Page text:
LAUNCHING FROM A QUIET WORLD
… Back then, boat launches on the lake could not accommodate sailboats with large keels or centerboards. About the only place those boats could go in the lake was at a location east of Wayzata. It was a small fiberglass sailboat dealership and private marina called Reed’s Quiet World that was owned and operated by Reed Holmgren. Pat and his wife Marilyn rented a buoy there for a year or so, then rented a slip for his Daysailor.
According to Maloney, in the fall of 1964, Reed’s brother Bob Holmgren approached Sals Adams, Peter Van Dusen, Franklin “Muzzy” Crosby and other keelboat owners, about buying Reed’s facilities on 350 feet of shoreline for $15,000 and forming a new organization called the Wayzata Yacht Club (WYC). The boat owners were definitely interested and the negotiating began. Holmgren also drafted a set of bylaws for the new club to consider.
After months of haggling, head scratching and numbers crunching, a deal was finally reached to buy the property for $12,000 in April 1965. Crosby was named Commodore Pro Tem. The first official membership meeting was held on June 23, 1965, to adopt bylaws and elect officers. Walt Brantingham became the first elected Commodore and served for two years. Other officers were George Mann, Vice Commodore; Patrick Maloney, Secretary; Jim Turrittin, Treasurer; and Peter Van Dusen, Race Chairman.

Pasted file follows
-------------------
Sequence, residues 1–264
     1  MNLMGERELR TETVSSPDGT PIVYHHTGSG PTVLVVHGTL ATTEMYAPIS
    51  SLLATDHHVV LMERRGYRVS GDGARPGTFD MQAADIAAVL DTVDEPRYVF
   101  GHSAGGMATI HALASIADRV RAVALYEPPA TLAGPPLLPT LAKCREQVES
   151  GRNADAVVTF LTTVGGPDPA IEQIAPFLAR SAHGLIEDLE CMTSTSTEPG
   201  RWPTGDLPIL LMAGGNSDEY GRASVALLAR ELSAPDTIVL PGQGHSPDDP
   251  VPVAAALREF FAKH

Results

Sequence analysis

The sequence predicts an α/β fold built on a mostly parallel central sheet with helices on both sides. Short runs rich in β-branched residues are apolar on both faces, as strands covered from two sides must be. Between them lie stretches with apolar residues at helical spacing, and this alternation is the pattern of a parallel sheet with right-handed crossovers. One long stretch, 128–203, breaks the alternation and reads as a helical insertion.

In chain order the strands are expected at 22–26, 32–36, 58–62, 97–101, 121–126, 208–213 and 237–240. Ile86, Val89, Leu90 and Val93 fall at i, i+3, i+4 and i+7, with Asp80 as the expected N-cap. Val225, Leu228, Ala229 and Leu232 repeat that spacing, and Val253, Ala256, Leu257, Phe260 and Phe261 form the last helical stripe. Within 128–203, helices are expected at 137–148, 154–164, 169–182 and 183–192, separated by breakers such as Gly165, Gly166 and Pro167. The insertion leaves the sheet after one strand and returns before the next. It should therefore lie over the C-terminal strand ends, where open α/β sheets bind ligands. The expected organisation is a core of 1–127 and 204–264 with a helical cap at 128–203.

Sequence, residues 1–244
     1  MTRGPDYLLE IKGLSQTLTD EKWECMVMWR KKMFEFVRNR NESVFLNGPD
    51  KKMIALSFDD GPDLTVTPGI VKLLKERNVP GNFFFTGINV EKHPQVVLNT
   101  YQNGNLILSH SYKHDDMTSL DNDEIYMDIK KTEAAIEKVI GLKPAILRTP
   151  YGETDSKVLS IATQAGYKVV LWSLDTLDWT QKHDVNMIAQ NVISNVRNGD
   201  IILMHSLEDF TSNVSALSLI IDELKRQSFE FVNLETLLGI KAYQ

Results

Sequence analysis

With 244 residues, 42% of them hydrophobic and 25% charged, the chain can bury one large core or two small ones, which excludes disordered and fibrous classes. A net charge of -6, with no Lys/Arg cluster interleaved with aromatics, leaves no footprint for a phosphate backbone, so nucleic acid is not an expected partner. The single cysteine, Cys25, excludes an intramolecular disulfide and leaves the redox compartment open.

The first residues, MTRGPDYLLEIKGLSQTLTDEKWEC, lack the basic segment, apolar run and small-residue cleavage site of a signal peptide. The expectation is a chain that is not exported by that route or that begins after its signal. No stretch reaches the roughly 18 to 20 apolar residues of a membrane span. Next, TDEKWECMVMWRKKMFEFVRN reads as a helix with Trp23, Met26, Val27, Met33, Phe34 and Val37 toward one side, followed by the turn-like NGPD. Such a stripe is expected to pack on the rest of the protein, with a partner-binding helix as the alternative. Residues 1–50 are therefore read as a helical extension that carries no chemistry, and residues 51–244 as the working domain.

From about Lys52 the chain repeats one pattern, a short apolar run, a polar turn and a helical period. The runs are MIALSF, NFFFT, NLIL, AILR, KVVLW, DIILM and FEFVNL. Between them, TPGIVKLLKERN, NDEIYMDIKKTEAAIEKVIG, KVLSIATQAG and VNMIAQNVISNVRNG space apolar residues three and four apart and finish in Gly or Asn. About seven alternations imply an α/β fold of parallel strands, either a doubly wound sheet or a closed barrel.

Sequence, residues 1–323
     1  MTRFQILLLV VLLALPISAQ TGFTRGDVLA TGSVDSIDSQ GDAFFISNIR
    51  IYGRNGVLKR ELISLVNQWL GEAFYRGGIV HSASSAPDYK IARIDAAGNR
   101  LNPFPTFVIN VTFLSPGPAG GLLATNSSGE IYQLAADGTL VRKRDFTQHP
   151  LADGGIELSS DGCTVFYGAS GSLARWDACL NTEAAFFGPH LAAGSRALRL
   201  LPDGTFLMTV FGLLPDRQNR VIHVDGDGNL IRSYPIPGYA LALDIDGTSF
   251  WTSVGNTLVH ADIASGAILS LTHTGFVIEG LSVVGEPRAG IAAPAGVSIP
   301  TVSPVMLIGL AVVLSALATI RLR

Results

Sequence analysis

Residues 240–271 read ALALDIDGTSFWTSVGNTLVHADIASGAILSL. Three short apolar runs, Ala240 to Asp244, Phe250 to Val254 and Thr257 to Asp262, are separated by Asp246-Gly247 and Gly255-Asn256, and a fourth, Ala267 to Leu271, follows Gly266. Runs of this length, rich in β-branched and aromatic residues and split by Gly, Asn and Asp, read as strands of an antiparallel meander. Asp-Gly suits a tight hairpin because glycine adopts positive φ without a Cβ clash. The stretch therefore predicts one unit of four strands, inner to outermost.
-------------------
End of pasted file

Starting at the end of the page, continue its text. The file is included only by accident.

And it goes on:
“That was the beginning”
… the WYC prides itself on being non-exclusive and welcomes people interested in learning how to sail to come to the club and sit at a special table that says “Crew Looking for a Ride.” “They can just walk in off the street, take a seat at that table and get a ride on a sailboat that’s going to be in a race,” Pat said. “I think that has brought new members to the club more than anything else. Another thing that people like is we have free beer after races.”
“… Now that the sailing school is next door to us, the Wayzata Sailing Foundation trains 700 to 750 kids every summer.” Pat was the founder of the WSF and served as its President for the first seven years. “We also offer boats and coaches to the University of Minnesota, the Wayzata School District, Benilde St. Margaret, and Providence Academy … During the next 50 years, I think that is going to be where many of our future sailors come from.”
Read more ...
Full Interview Transcripts